Kansas Gov. Laura Kelly said Monday the state had reached an “unfortunate milestone” by reporting at least one case of the virus in every county. The state’s infection rate, she said, “continues an alarming trend in the wrong direction.”
To make matters worse, Kelly said, as college students return to campus, several clusters have been reported at universities. Last week, the University of Kansas reported more than 80 cases of the virus.
In Kentucky, Gov. Andy Beshear warned cases could spike again as the state reported more deaths last week than “in any other week battling the virus.”
Beshear said the state is seeing “troubling signs” and is at “the same moment that Kentucky was at in the beginning of the summer.”
“More people are trying to get out of the quarantine than the health department has recommended,” the governor said.
US Centers for Disease Control and Prevention Director Dr. Robert Redfield expressed concern last week about the heart of the country getting “stuck,” while other parts of the US, including across the South, were reporting improvements.
“That is why it’s so important for Middle America to recognize the mitigation that we talked about … it’s for Middle America too, the Nebraskas, the Oklahomas,” Redfield said. “We don’t need to have a third wave in the heartland right now.”
New daily cases over a week averaged about 43,000 as of Monday, down from a peak average of 67,317 on July 22, according to Johns Hopkins University data.
The country’s Covid-19 death rate also has dipped. The daily average across a week hovered above 1,000 for 25 straight days from late July into mid-August — but it’s been below 1,000 since Friday.
The CDC recently changed its travel guidelines online, removing direct advice to stay home for two weeks after international travel or to areas with high rates of infections.
The agency recommends that people follow state, territorial, tribal and local recommendations or requirements after travel.
Dr. Thomas Frieden, a former CDC director, argued Tuesday that people should stick to the earlier guidance.
“From an epidemiologic standpoint, if you’re going from a place with a high rate of Covid to a place with a lower rate of Covid, you need to quarantine for 14 days,” Frieden told CNN’s Wolf Blitzer. “And that is what New York state is recommending, and that’s a sensible recommendation.”
The role super spreading events play
But the warnings haven’t brought gatherings to a halt.
In Minnesota, at least 27 cases were linked to the rally, two of which were people who worked or volunteered at the event, according to Kris Ehresmann, the infectious disease division director at the state’s health department.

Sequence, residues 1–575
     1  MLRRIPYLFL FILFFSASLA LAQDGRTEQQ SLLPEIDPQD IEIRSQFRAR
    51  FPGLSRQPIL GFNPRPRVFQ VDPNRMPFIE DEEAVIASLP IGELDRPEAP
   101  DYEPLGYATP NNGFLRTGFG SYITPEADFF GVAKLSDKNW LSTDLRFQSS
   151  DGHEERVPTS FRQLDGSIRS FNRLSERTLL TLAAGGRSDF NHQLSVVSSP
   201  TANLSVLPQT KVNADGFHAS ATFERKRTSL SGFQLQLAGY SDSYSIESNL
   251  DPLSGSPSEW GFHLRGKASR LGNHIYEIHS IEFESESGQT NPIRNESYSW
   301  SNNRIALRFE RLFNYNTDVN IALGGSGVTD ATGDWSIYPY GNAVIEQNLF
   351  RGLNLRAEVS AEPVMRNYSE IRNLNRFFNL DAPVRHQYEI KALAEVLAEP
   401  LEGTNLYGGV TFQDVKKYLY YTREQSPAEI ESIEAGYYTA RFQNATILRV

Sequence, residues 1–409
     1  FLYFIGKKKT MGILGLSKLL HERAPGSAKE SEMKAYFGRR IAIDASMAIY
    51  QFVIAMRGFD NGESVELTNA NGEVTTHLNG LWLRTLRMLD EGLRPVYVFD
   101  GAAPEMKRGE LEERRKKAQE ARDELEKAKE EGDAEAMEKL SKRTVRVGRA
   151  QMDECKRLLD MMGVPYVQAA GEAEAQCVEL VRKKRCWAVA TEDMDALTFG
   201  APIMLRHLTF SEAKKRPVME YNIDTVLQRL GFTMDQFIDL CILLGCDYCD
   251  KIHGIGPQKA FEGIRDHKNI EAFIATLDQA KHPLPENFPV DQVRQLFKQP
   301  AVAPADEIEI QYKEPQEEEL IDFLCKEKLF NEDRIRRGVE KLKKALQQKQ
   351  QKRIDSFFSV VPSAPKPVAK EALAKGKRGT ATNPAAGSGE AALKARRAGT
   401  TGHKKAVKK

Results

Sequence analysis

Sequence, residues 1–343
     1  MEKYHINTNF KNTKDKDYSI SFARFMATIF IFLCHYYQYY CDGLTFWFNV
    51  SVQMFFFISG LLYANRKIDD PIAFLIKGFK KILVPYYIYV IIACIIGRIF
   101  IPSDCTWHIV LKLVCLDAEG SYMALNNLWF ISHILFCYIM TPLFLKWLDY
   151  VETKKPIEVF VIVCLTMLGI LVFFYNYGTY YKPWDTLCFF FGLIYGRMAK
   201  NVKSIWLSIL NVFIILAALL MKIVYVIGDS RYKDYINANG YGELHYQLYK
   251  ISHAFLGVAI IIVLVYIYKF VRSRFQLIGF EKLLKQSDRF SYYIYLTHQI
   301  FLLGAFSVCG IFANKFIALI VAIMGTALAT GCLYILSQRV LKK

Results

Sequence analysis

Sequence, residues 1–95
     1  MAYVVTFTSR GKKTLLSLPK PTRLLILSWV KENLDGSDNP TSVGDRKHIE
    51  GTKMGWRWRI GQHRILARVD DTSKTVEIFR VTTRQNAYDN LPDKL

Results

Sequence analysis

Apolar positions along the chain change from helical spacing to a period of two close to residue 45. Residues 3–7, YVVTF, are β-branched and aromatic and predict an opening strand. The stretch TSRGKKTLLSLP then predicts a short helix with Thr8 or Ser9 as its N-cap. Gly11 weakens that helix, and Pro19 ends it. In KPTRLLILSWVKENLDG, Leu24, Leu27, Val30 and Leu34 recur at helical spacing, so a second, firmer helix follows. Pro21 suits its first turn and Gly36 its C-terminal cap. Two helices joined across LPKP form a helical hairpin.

Last week, Maine CDC officials issued a citation to a venue that exceeded the indoor gathering limit of 50 individuals when it hosted a wedding reception earlier this month that has since been linked to a Covid-19 outbreak.
FDA commissioner acknowledges error in his claims about convalescent plasma data
The US Food and Drug Administration’s commissioner acknowledged Monday that he mischaracterized data about the potential benefits of convalescent plasma in treating Covid-19.
While explaining that decision, Commissioner Dr. Stephen Hahn said Sunday that data from a Mayo Clinic study showed use of plasma reduced the risk of death by 35%, and said that meant if 100 people got coronavirus, 35 would survive because of the treatment.
That’s not what the study showed. This study, released August 12 in a preprint, meaning it had not yet been peer-reviewed, showed that those treated with plasma containing the highest levels of antibodies had a 35% lower risk of dying within a week compared to those treated with less-rich plasma.
The study did not show the use of plasma reduced the overall death rate by 35%. Hahn admitted Monday he had been inaccurate.
Iowa officials confirm first child death
Iowa’s health department confirmed the state’s first death of a child from Covid-19 complications in a news release this week. The child was under the age of 5 and died in June, according to the release. The child also had “significant underlying health conditions,” health officials said.
The children’s deaths come as many schools across the country have welcomed students back to class, while others have opted to begin the year remotely.
The guidelines say in general, children are less likely to have severe symptoms than adults. The risk of teachers, school administrators and other staff will, however, “mirror that of other adults in the community” if they get sick, the guidelines said.
Some colleges have also opted to go online while others, who welcomed students back to campus, have — in some cases — reported hundreds of Covid-19 infections.
CNN’s Jennifer Henderson, Jason Hanna, Maggie Fox, Jason Hoffman, Gisela Crespo, Laura Ly and Pierre Meilhan contributed to this report.